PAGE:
Shakespeare Now and Then: Communities, Religion, Reception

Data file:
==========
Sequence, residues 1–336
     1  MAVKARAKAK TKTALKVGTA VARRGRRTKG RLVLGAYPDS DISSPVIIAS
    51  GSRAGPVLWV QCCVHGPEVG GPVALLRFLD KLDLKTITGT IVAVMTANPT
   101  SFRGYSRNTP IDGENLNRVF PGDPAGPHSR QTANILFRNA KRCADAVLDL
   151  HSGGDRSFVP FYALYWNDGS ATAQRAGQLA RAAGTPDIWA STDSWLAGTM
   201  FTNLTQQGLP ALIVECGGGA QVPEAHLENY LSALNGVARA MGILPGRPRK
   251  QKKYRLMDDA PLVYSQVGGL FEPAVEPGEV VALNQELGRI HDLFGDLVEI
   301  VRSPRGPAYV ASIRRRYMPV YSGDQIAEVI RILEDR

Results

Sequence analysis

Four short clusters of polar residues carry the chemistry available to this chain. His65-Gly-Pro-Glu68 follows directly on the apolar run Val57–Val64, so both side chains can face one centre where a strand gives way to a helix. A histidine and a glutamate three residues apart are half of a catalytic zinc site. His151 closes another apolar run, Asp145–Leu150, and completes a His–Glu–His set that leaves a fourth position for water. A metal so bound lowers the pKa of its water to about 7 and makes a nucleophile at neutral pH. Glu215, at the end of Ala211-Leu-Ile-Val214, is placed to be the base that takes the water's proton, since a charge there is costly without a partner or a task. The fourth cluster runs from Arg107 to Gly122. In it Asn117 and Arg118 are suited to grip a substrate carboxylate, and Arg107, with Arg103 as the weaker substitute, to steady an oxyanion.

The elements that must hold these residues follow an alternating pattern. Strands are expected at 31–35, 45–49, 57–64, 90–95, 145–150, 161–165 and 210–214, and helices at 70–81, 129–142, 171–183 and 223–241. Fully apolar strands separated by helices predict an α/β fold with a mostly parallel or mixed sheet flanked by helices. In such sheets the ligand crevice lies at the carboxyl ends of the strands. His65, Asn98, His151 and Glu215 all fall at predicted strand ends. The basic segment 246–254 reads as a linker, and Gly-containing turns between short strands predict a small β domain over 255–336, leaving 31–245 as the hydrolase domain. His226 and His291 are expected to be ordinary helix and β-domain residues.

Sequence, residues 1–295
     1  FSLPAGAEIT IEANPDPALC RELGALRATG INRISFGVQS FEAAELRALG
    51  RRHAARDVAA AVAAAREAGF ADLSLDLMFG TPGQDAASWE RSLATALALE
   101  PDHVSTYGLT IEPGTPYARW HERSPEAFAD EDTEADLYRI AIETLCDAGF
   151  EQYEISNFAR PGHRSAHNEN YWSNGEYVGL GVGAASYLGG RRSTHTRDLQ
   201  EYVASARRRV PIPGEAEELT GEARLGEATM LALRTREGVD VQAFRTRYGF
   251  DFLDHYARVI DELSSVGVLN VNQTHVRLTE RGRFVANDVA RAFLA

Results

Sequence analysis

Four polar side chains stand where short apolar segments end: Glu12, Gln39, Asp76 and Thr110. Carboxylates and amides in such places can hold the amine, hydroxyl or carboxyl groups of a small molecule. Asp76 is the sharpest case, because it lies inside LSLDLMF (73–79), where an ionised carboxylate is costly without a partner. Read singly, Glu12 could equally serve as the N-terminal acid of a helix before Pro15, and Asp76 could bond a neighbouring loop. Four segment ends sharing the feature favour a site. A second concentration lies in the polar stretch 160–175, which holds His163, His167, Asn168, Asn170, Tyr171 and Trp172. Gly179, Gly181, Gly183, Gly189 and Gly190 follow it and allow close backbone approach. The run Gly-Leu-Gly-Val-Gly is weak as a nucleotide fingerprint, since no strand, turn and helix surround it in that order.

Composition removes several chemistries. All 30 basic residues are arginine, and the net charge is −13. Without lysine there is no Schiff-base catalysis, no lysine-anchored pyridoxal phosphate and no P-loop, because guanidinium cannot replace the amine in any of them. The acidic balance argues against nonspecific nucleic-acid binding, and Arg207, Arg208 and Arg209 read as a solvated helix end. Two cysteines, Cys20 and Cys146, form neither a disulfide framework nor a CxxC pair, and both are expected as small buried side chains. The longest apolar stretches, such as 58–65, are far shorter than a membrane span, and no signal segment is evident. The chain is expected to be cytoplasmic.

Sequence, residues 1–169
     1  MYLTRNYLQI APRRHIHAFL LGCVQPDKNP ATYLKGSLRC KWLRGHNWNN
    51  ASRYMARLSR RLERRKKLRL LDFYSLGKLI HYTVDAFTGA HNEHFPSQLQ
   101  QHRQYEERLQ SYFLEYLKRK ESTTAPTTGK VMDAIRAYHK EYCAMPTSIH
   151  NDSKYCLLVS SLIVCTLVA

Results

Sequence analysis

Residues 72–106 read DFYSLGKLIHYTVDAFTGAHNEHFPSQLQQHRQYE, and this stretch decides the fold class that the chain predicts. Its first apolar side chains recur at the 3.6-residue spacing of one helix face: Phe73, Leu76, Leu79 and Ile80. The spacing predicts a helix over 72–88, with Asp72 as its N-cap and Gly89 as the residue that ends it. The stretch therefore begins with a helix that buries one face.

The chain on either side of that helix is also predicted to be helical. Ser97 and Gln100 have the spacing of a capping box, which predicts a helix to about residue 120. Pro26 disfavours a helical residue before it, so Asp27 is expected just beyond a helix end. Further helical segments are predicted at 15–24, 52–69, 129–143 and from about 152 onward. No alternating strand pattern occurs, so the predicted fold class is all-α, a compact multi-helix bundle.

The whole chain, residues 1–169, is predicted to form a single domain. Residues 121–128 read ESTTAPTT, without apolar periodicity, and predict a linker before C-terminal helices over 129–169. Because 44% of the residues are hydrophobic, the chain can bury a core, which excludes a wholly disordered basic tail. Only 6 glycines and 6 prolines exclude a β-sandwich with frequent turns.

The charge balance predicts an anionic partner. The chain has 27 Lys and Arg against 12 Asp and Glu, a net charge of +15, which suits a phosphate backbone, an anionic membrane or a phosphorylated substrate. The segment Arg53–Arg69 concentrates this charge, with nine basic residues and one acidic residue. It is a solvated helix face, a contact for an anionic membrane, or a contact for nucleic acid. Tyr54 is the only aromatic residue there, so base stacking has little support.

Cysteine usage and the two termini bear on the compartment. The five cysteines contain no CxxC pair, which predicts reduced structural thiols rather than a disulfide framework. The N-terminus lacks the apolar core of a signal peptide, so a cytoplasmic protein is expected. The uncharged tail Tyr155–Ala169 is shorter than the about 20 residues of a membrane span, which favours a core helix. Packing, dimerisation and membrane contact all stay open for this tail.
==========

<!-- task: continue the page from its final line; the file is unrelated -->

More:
This chapter examines the identity and role of the prophet as articulated in the writings of self-identified prophets during the English revolution, when prophecy in England flourished and was viewed by many as a disturbing presence in society. It focuses on five people who suggest something of the diversity of England's prophets, but who all shared a powerful sense of identification with the prophets of ancient Israel. The account suggests that Anna's mother thought of herself as Elijah, the prophet who stood up against the corrupt Israelite King Ahab and his wife Jezebel. Given that Milton and others thought of Charles I as Ahab, married to the idolatrous Catholic Henrietta Maria, it seems we are intended to see Anna's mother as a prophet opposing King Charles. The habit of drawing analogies between England's history and biblical Israel's was an important part of England's post-Reformation.